Garfield County commissioners don’t want to let wolves in
Garfield County commissioners on Monday unanimously approved a resolution opposing reintroducing wolves to Colorado. But the county’s resolution may not matter when voters head to the ballot box next year.
“I’m amazed that people want to do something like this, because I don’t think it would be good for anyone, in any way,” Commissioner Mike Samson said of efforts to bring wolves into the state.
But in fact, many people in Colorado want wolves here, according to one 2019 poll.
Paid for by the Rocky Mountain Wolf Action Fund, the poll showed that 67% of Coloradans support wolf introduction.
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With so many supporting wolves in Colorado, Rob Edward, founder and president of the Rocky Mountain Wolf Action Fund backing the initiative, says it’s high time to get started.
“The bottom line is, we have so much information now about how important wolves are to the landscape, and we know we have the people behind us both on the Front Range and the Western Slope. It’s time to get this done,” Edward said.
Edward is behind the effort of putting wolf introduction on the ballot for Colorado’s November 2020 general election. The initiative requires creating plans and bringing wolves into Colorado by the end of 2023.
Edward is confident that volunteers have collected enough signatures to put it on the ballot.
He’s also convinced of broad support for wolf introduction.
“We have the Western Slope with us, it’s just a matter of helping people understand the nuances of living with wolves,” Edward said.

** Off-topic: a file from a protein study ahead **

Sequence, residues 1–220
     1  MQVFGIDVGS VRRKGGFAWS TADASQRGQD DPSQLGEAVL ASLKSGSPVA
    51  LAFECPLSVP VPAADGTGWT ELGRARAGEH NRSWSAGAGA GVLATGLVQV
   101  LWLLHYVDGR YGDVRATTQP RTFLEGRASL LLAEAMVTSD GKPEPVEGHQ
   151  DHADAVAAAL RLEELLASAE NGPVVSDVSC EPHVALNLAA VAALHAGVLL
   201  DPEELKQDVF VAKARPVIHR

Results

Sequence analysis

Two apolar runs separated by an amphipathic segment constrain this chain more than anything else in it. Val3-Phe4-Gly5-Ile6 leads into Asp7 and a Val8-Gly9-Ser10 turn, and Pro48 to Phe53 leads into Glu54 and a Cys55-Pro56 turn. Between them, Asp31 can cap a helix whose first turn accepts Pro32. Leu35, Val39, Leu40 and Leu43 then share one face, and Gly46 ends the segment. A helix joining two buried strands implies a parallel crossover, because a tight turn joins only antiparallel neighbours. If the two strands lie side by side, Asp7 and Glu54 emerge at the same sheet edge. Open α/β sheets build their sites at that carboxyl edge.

On the Western Slope, where the wolves would be introduced if Initiative 107 passes, 61% of respondents favored wolf introduction, according to the poll.
Those opposed to wolf reintroduction have a number of concerns.
“Not only do (wolves) kill the cattle, but they bother them, they chase them around and stir them up,” and as a result, there are fewer cattle pregnancies, Garfield County rancher Frank Daley told the commissioners.
Based on his experience with coyotes, Daley also worries that the cattle made anxious by wolves will break fences and injure calves.
“We definitely don’t need to add in another predator,” he said.
The impact on wildlife is another concern.
“We do not want to have wolves reintroduced into the state of Colorado for many reasons, one of which is that it would be devastating for the moose, elk and deer populations of our state, not to mention domestic livestock such as cattle and sheep,” Samson said.
The effect of wolves on elk and deer where they have been reintroduced in isn’t completely settled.
In 2004, the Colorado Department of Wildlife, which has since been renamed Parks and Wildlife, commissioned the wolf working group, recommended managing wolves that came into the state, but tabled reintroduction efforts.
Garfield County commissioners see their opposition as continuing that management plan.
“The wolves are kind of introducing themselves and they are getting into Colorado from Wyoming and the southern part from New Mexico,” Jankovsky said.
Two potential gray wolf sitings in 2019 are being investigated by state wildlife officials.
According to Edward, who was a member of the wolf working group, going to the voters is appropriate.
“It’s not circumventing the DOW or the Wildlife Commission. It very explicitly involves them. It simply says, ‘The people want you to do this, so do it,’” Edward said.
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Whether in the sky or intensive care unit, Dan LeVan routinely cared for sick or injured members of the U.S. Armed Forces.